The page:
47 U.S. Code § 201 - Service and charges
prev | next
(a) It shall be the duty of every common carrier engaged in interstate or foreign communication by wire or radio to furnish such communication service upon reasonable request therefor; and, in accordance with the orders of the Commission, in cases where the Commission, after opportunity for hearing, finds such action necessary or desirable in the public interest, to establish physical connections with other carriers, to establish through routes and charges applicable thereto and the divisions of such charges, and to establish and provide facilities and regulations for operating such through routes.
(b) All charges, practices, classifications, and regulations for and in connection with such communication service, shall be just and reasonable, and any such charge, practice, classification, or regulation that is unjust or unreasonable is declared to be unlawful: Provided, That communications by wire or radio subject to this chapter may be classified into day, night, repeated, unrepeated, letter, commercial, press, Government, and such other classes as the Commission may decide to be just and reasonable, and different charges may be made for the different classes of communications: Provided further, That nothing in this chapter or in any other provision of law shall be construed to prevent a common carrier subject to this chapter from entering into or operating under any contract with any common carrier not subject to this chapter, for the exchange of their services, if the Commission is of the opinion that such contract is not contrary to the public interest: Provided further, That nothing in this chapter or in any other provision of law shall prevent a common carrier subject to this chapter from furnishing reports of positions of ships at sea to newspapers of general circulation, either at a nominal charge or without charge, provided the name of such common carrier is displayed along with such ship position reports. The Commission may prescribe such rules and regulations as may be necessary in the public interest to carry out the provisions of this chapter.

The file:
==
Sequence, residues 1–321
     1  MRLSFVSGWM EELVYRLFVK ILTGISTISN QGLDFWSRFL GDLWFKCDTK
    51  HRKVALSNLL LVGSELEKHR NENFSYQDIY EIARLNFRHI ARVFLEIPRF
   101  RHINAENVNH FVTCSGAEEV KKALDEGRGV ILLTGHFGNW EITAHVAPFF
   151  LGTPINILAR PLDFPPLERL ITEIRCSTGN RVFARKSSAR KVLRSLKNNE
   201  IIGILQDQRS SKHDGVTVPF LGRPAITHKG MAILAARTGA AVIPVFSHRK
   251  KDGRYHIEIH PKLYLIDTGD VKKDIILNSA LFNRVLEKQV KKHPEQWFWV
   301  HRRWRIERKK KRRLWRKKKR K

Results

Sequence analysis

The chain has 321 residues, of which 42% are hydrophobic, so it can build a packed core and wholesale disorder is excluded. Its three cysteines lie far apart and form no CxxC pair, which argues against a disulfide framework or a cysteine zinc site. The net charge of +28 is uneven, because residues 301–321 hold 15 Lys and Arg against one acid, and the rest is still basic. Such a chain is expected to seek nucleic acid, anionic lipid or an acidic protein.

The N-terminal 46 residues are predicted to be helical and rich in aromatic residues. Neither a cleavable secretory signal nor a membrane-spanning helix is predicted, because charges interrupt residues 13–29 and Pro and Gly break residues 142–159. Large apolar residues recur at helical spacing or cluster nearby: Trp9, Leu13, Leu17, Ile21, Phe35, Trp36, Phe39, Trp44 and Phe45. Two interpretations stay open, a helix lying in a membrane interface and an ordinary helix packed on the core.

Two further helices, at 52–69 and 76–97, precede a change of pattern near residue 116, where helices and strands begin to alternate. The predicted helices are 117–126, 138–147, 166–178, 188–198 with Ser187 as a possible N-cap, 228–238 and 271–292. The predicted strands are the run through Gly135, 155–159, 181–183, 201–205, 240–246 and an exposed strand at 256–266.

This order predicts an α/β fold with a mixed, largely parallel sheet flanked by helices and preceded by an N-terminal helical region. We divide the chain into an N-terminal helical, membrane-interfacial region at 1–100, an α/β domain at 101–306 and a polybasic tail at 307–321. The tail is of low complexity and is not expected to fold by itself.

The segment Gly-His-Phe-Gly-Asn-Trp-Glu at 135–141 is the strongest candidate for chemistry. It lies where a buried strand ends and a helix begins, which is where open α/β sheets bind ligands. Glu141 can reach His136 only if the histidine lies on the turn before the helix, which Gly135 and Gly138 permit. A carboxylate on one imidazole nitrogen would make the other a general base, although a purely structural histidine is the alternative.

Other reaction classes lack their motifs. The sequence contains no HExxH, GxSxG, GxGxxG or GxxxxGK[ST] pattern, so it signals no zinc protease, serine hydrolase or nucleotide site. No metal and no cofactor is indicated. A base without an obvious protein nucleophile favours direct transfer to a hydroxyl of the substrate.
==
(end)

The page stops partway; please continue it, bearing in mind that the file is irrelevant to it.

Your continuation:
Source(June 19, 1934, ch. 652, title II, § 201,48 Stat. 1070; May 31, 1938, ch. 296, 52 Stat. 588.)
References in Text
This chapter, referred to in subsec. (b), was in the original “this Act”, meaning act June 19, 1934, ch. 652, 48 Stat. 1064, known as the Communications Act of 1934, which is classified principally to this chapter. For complete classification of this Act to the Code, see section 609 of this title and Tables.
1938—Subsec. (b). Act May 31, 1938, inserted proviso relating to reports of positions of ships at sea.
Telephone Rates for Members of Armed Forces Deployed Abroad
“(a) In General.—The Federal Communications Commission shall take such action as may be necessary to reduce the cost of calling home for Armed Forces personnel who are stationed outside the United States under official military orders or deployed outside the United States in support of military operations, training exercises, or other purposes as approved by the Secretary of Defense, including the reduction of such costs through the waiver of government fees, assessments, or other charges for such calls. The Commission may not regulate rates in order to carry out this section.
“(b) Factors To Consider.—In taking the action described in subsection (a), the Commission, in coordination with the Department of Defense and the Department of State, shall—
“(1) evaluate and analyze the costs to Armed Forces personnel of such telephone calls to and from American military bases abroad;
“(2) evaluate methods of reducing the rates imposed on such calls, including deployment of new technology such as voice over Internet protocol or other Internet protocol technology;
“(3) encourage telecommunications carriers (as defined in section 3(44) of the Communications Act of 1934 (47 U.S.C. 153 (44) [now 153(51)])) to adopt flexible billing procedures and policies for Armed Forces personnel and their dependents for telephone calls to and from such Armed Forces personnel; and
“(4) seek agreements with foreign governments to reduce international surcharges on such telephone calls.
“(c) Definitions.—In this section:
“(1) Armed forces.—The term ‘Armed Forces’ has the meaning given that term by section 2101 (2) of title 5, United States Code.
“(2) Military base.—The term ‘military base’ includes official duty stations to include vessels, whether such vessels are in port or underway outside of the United States.”